Are the International Associations of the Viola and the International Viola Congresses still relevant?
More than ever! I love the congresses: since 1997 I have attended all but two of them. Today I am the former President of the Canadian Viola Society and Vice President of the International Viola Society. In these settings you can hear performances of music that you can’t hear anywhere else. Each country makes its own contribution to the conference and every event is unique for this reason. An International Viola Congress is primarily a meeting place for us violists, wherever it takes place. I reconnected with Austrians in Adelaide, Australia, who I had not seen for twenty years. Congresses keep us informed on where and how the world of the viola is moving. I myself have organized an International Viola Congress in Montreal: my goal was to bring French violists to Quebec. Five French violists came: it was the first congress to have French participants! It was also, I believe, the first time that Bruno Giuranna attended a congress, at least in the Americas. Another task that I set for myself was to bring Europe to Canada. So I invited an artist from each country and tried to get funding from their respective embassies. There were Barbara Westphal from Germany, Siegfried Führlinger from Austria, Bruno Giuranna from Italy, Lars Anders Tomter from Norway, Henrik Frendin from Sweden, Michael Kugel from Belgium, Kim Kashkashian from the United States; Tamestit, Adamopoulos, Bône, Frederic Lainé and Mikalkakos from France. It was the first time that there were so many international performers in an International Viola Congress. The hardest thing was to finance it all. Our final budget was $120,000 and at one point I even feared that I would have to mortgage the house in order to meet the costs! Luckily we came out even, but this became clear only six months after the Congress.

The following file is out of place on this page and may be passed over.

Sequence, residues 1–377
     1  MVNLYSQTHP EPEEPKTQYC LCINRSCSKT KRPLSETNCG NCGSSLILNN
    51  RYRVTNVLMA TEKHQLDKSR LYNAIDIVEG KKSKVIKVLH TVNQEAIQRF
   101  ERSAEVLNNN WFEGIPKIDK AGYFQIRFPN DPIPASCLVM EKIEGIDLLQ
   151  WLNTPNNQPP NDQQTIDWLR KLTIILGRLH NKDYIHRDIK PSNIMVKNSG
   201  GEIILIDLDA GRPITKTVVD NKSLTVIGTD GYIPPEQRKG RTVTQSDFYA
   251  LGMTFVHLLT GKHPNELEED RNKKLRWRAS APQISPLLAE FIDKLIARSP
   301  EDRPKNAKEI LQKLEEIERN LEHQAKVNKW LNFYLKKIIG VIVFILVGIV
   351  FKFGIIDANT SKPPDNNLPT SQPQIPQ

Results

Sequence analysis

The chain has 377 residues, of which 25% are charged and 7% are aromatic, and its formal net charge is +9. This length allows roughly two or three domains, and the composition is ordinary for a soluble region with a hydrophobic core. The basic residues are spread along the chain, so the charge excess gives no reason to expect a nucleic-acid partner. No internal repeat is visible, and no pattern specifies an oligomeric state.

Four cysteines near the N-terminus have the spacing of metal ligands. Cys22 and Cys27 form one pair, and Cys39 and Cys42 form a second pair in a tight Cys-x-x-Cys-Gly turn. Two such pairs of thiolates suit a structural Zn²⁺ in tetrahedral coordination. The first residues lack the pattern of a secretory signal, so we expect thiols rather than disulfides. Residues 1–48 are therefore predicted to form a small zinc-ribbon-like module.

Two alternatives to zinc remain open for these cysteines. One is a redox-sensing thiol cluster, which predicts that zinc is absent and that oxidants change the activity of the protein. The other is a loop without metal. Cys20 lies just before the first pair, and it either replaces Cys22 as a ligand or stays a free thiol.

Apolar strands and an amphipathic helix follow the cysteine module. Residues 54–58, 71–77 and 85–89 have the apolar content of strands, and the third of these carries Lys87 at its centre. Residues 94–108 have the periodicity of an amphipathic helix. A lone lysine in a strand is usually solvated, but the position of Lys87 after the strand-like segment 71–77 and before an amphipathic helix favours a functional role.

What message would you like to give to those who will participate in the Congress in Cremona?
Absorb as much as possible from the congress: watch, listen, learn! Make contacts, congratulate with the players. We should not be competing, but learning from each other. Personally, I can’t wait to come to Cremona. See you soon!
The 43rd International Viola Cnngress is organized by the Associazione Italiana della Viola, with
Ministero degli Affari Esteri e della Cooperazione Internazionale, Ambasciata d’Austria a Roma, Ambasciata del Belgio, Embassy of Canada, Ambasciata della Repubblica Popolare Cinese in Italia, Ambasciata di Finlandia, Ambasciata del Messico in Italia, Kingdom of the Netherlands, Istituto Polacco.
Patronage and Support
Regione Lombardia.
Patronage and Collaboration
Comune di Cremona, Camera di Commercio di Cremona, Dipartimento di Musicologia e Beni Culturali dell’Università di Pavia.
Fondazione Stauffer, Consolato Generale della Repubblica di Germania a Milano, Fondazione Comunitaria della Provincia di Cremona, Fondazione D’Addario, Jargar, Pirastro.
Museo del Violino, Istituto Superiore di Studi Musicali Claudio Monteverdi, Scuola Internazionale di Liuteria, Consorzio Liutai “Antonio Stradivari” Cremona, Associazione I Filarmonici Onlus, I Virtuosi Italiani, Cremona Summer Festival 2016, Liceo Artistico Statale di Porta Romana di Firenze, Archi magazine, Teatrionline, il mio giornale, Fermata Spettacolo web magazine.